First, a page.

The EU is the largest producer of milk products in the world and dairy farming is traditionally one of the most profitable sectors in EU agriculture.
Of the many infectious diseases that affect dairy cattle, worm infections are among those with greatest impact on productivity. All herds with grass-based production systems are infected. With a total of around 88 million EU cattle, economic losses caused by gastrointestinal (GI) roundworms constitute a huge problem for the industry. The major economic impact is due to sub-clinical infections causing reduced growth and milk production.
For the whole EU, losses of 1.7-2.7 BN€ have been estimated in dairy cattle alone. The roundworms Ostertagia ostertagi and Cooperia oncophora (shown below) are among the most common parasites infecting the GI tract of cattle in the EU and other temperate regions.
O. ostertagi (brown stomach worm) infects the stomach, while C. oncophora infects the small intestine. Both have direct life cycles with free-living stages on pasture and parasitic stages in the host. Female worms produce eggs that pass in faeces. Within faeces, infective larvae develop. Infective larvae spread from faeces to the surrounding vegetation. Cattle are infected when they ingest larvae from contaminated pasture. In the stomach or intestines larvae mature to adult worms. Female worms start producing eggs after ~3 weeks.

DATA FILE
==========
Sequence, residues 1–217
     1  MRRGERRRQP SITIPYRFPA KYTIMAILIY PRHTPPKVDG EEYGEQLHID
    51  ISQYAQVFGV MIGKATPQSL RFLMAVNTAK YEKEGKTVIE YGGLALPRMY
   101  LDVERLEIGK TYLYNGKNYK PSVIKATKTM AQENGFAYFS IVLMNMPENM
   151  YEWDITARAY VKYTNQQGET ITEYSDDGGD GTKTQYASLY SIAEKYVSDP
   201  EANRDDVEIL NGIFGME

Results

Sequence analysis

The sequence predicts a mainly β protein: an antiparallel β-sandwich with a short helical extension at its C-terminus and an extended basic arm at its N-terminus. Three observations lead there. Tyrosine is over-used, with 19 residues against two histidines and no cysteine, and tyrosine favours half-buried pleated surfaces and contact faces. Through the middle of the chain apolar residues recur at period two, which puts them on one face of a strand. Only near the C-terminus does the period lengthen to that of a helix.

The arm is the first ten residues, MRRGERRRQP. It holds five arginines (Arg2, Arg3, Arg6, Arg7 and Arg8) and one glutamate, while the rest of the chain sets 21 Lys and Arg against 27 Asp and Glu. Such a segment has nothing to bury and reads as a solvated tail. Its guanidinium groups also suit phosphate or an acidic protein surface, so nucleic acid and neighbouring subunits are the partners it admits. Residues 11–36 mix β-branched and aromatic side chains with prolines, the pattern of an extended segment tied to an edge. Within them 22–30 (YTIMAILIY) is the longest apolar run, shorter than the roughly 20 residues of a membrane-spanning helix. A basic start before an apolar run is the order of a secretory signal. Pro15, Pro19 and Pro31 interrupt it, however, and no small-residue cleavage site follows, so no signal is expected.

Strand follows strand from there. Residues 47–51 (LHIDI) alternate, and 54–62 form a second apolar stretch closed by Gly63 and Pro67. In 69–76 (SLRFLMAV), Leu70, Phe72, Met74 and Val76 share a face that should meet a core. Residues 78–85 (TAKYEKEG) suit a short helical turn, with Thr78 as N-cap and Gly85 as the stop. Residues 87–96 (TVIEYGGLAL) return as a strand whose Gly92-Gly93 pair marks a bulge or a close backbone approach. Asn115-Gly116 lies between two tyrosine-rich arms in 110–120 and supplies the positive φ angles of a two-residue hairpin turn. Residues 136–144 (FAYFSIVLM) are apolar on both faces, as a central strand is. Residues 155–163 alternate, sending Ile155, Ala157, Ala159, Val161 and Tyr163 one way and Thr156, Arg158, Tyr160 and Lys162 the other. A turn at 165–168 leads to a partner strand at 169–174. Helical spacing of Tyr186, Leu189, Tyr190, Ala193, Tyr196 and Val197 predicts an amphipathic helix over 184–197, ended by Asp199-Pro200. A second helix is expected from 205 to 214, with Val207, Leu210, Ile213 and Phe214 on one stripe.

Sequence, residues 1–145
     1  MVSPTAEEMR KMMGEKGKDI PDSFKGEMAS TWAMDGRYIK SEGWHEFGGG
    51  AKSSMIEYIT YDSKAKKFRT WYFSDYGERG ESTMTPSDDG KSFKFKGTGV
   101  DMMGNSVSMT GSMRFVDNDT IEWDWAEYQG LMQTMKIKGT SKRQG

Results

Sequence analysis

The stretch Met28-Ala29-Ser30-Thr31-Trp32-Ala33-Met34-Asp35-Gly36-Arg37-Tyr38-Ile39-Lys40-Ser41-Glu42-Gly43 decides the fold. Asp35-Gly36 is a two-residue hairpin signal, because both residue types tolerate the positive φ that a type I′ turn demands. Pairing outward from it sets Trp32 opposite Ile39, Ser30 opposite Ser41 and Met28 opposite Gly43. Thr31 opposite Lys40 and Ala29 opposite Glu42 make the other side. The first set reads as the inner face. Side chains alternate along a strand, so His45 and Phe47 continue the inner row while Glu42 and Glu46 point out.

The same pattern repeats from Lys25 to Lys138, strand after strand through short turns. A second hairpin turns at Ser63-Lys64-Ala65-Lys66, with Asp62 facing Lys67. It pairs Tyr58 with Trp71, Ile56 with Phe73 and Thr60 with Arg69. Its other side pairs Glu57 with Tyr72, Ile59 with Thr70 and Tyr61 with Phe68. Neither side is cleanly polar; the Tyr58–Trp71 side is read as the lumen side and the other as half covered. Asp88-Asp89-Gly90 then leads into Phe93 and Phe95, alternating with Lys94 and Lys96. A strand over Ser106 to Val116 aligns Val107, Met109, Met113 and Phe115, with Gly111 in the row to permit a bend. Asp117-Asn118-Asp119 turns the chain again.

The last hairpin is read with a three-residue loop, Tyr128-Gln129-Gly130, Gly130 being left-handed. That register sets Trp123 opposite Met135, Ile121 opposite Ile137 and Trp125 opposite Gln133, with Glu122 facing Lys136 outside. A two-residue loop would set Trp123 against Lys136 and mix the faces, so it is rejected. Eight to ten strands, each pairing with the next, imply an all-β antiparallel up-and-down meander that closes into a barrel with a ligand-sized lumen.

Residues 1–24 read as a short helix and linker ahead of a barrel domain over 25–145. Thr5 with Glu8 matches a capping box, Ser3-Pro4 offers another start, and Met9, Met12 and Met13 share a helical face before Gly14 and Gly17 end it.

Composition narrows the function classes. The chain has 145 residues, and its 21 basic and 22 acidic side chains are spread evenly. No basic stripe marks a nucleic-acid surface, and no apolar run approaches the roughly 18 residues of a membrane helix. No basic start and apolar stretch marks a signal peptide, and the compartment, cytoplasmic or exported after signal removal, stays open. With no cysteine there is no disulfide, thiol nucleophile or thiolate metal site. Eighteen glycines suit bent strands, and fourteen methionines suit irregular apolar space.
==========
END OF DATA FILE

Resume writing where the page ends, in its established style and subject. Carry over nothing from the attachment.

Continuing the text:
Grazing calves are generally exposed to Ostertagia and Cooperia mixed infections.
Infection causes watery diarrhoea, thirst, loss of appetite, reduced weight, dull hair coat, loss of condition and eventually death.
The disease (parasitic gastro-enteritis) mainly occurs in young stock during the first grazing season when pasture contamination is high and calves have not developed protective immunity. Some degree of immunity develops during the first grazing season, and second season grazing heifers and adult cattle are protected against clinical disease. Subclinical infections mainly occur in older cattle. In adult dairy cows, O. ostertagi can cause a significant decrease in milk production in heavily infested herds.
Stomach lining of a calf infected with O. ostertagi (right) compared to that of an uninfected animal (left)
Calf with diarrhoea due to GI roundworm infection
Control is mainly based on preventive treatment with anthelmintic drugs.
The intensive use of these drugs can interfere with the development of natural immunity.
Concerns have been raised regarding chemical residues in consumer products and the environment.
The most important consequence is the increasing incidence of drug-resistant parasites. This has been reported for O. ostertagi and C. oncophora.
These factors have stimulated the search for other control options such as vaccination.